A grounded theory exploration into situational adaptation strategies developed by Paramedics when dealing with mass casualty incidents
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AbstractThe Manchester (U.K.) Arena bombing took place on the 22nd May 2017 at 22:31, when a suicide bomber detonated an improvised explosive device in the foyer of the Manchester Arena, as the crowd was leaving an event. The attack claimed the lives of 22 people, and a further 116 people required medical treatment, mostly for ballistic injuries. A key objective for Ambulance Service Commanders was to establish a casualty management system consisting of clinical triage, treatment, and transport of patients from a Casualty Collection Point into the hospital network. To achieve this, two Hazardous Area Response Teams were deployed alongside Consultant and Advanced Paramedics. The purpose of which was to provide point of injury care within the vicinity of the blast area. Whereas previous studies have identified how individuals react to the biopsychosocial response to traumatic incidents post the event, understanding how Ambulance Service personnel adapt to situations while deploying to, or during mass casualty incidents, remains an area that has received limited research in relation to defining empirical evidence. This study aimed to identify a process that either supported or inhibited Paramedics in achieving situational adaptability when dealing with a mass casualty situation. Constructivist Grounded Theory was used as the chosen methodology, with fifteen Paramedics volunteering to participate in the research. Analysis identified eleven theoretical categories, which were then divided into four theoretical themes. Combined, these formed the basis for four major theoretical propositions: ‘Training & Education’, appropriate application of ‘Incident Management Frameworks’, established ‘Peer Support Networks’, and individual reaction to ‘Stress stimuli’. This study makes a novel contribution to the phenomenon of situational adaptively. The significance of the resulting theory is that situational adaptability can be enabled through the application of effective decision making strategies, being able to draw on previous experiences, along with effective scene management. This along with communication strategies, support from peers, the incident commander, and multi-agency partners. Key identified inhibitors are presented as situational stressors, perceptions of threat, risk appetite, and environmental stimuli. Consequently, it is now possible to provide four recommendations for Paramedics preparing to respond to mass casualty incidents.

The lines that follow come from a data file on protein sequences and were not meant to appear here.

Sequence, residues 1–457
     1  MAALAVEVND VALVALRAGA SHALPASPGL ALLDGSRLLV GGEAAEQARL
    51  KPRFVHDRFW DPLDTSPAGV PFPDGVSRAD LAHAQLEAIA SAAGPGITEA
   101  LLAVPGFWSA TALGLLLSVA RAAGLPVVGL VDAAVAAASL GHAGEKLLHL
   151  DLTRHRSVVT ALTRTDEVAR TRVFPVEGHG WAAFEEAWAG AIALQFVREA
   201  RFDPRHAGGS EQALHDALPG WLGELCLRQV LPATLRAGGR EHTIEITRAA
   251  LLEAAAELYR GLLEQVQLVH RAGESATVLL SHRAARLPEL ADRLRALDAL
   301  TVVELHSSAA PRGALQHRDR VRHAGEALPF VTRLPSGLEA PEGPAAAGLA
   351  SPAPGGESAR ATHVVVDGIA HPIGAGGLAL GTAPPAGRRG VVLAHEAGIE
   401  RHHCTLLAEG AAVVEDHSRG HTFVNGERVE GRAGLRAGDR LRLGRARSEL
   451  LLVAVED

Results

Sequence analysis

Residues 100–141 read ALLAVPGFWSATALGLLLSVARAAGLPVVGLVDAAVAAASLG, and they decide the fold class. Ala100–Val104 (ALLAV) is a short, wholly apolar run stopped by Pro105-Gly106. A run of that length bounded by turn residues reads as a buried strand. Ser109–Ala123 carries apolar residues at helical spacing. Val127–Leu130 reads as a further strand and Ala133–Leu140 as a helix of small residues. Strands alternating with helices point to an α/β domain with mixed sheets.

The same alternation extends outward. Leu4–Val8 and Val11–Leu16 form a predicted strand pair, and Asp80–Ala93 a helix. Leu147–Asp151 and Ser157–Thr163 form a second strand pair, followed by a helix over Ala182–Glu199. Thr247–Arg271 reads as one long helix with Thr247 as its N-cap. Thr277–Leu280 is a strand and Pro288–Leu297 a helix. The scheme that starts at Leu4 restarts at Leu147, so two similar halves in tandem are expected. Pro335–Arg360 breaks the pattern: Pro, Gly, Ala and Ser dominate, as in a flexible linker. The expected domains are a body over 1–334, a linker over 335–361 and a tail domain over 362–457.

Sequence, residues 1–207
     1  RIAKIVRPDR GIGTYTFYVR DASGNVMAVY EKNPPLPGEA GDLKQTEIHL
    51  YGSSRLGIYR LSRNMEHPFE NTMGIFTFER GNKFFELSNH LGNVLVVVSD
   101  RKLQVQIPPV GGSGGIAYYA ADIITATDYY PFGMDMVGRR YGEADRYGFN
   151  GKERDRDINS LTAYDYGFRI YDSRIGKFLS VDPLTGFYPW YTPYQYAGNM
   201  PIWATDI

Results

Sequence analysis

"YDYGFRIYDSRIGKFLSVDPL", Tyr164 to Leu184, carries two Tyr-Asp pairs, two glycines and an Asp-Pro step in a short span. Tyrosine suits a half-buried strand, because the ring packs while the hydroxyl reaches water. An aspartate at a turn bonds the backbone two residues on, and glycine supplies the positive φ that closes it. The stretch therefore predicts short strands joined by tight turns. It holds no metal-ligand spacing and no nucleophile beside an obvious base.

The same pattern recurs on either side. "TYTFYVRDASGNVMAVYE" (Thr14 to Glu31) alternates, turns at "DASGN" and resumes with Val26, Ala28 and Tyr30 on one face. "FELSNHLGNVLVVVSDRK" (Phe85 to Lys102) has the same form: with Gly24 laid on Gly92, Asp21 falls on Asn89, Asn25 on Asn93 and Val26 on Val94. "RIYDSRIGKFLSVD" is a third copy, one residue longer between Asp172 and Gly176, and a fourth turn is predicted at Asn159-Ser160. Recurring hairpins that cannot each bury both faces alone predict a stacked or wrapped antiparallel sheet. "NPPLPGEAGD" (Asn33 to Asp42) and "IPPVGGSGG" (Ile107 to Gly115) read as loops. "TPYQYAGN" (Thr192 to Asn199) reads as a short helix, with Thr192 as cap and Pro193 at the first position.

CitationHooper, C. (2020). A grounded theory exploration into situational adaptation strategies developed by Paramedics when dealing with mass casualty incidents [Unpublished doctoral thesis]. University of Chester.
PublisherUniversity of Chester
TypeThesis or dissertation
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